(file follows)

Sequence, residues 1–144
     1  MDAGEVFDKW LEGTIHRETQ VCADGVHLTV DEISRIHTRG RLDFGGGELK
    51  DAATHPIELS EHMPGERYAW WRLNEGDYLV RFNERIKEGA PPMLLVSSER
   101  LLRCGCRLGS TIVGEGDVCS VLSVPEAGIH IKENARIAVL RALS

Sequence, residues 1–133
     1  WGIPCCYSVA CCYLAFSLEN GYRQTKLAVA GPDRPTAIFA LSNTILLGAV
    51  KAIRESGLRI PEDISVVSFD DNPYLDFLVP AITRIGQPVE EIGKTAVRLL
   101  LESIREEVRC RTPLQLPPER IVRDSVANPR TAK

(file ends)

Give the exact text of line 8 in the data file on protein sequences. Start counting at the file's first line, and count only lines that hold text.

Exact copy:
   101  LESIREEVRC RTPLQLPPER IVRDSVANPR TAK